An evolving email attack called CEO Fraud or Business Email Compromise (BEC) is a growing problem. Cyber attackers take the time to research their targets and use tactics to trick their victim into doing something they shouldn’t.

How is it successful?

Because this tactic does not utilize attachments or malicious links, typical security technologies cannot catch them, which is why informing yourself and the people within your organization is that much more important.

For an attacker to be successful he must first research his intended victim and the people they interact with. For example, the people within your office or organization. They then create an email disguised as one of these people and convince you that it is urgent you take the action stated in the email.

Common Scams

Wire transfer is a common way cyber attackers get a victim to send them money. In the email, they pressure their victim into transferring money by telling them there is an emergency and they must send it right away to a new account, when actually they are sending money to the criminal.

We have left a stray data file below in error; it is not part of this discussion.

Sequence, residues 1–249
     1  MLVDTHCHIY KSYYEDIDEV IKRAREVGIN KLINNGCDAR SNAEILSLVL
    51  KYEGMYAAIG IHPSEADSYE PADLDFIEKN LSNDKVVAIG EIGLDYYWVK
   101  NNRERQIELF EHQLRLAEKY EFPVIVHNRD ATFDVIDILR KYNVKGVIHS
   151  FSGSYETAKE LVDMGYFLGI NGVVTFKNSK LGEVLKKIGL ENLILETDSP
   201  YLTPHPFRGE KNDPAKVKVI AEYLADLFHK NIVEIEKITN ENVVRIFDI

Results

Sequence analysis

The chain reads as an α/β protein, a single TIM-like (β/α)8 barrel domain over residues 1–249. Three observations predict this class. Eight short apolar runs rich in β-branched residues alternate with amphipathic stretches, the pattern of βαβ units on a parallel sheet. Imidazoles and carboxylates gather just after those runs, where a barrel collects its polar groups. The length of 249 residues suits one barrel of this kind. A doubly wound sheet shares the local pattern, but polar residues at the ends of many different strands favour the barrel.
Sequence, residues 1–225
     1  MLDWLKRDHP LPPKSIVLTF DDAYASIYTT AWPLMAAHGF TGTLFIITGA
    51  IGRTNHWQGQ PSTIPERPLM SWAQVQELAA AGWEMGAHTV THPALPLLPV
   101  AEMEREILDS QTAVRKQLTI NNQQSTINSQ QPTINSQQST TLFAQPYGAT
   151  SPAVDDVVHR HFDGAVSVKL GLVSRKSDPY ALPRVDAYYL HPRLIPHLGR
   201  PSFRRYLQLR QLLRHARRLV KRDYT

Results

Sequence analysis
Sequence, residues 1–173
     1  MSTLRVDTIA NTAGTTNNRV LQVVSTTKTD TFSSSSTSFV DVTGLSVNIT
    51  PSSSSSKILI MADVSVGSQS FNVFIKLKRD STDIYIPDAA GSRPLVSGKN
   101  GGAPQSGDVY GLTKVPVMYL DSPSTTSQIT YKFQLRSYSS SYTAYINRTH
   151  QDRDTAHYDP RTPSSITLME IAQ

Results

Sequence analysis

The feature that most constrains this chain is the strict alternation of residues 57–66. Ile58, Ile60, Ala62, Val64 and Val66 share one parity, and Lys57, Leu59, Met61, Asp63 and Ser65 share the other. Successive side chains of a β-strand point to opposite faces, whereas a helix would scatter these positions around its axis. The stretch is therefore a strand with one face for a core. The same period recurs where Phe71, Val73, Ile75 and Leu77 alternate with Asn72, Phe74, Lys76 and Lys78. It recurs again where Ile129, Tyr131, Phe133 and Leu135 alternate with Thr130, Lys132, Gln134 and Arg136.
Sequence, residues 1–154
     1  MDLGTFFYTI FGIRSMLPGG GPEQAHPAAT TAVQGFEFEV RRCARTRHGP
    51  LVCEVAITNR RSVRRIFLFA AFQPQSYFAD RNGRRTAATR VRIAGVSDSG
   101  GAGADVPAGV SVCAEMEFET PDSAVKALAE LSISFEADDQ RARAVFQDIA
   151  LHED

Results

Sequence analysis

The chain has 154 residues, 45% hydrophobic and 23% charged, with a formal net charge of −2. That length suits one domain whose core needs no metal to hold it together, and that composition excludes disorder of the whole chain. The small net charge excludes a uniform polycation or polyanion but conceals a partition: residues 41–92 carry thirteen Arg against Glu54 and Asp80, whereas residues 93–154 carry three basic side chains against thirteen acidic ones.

Another common scam attempts to access the tax information of the employees of a company. This email tactic is usually sent to someone within Human Resources and appears to be from a senior executive who urgently needs the tax information of all the employees. HR believes they are sending the requested information to the executive when they are really sending it to a cyber criminal.

Related: Read more stories in our white paper

How do you protect yourself?

Learn what to look for. Here are some of the most common clues:

– the message is short
– the signature includes it was sent from a mobile device
– there is a strong sense of urgency, usually pressuring you to ignore company policies
– the email appears to be from a personal email address, not a work-related one
– the tone of the email is out of character for the person whom it is said to be from
– in respect to payments, the instructions differ from normal procedure

If you are suspicious of an email, do not reply to the sender but report it to your supervisor immediately. If a transfer has already been made alert the bank, then law enforcement.

Related: How to identify a phishing email

If you would like more information, contact us here or call 937.885.7272.

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Posted by Jack Gerbs in Recent Posts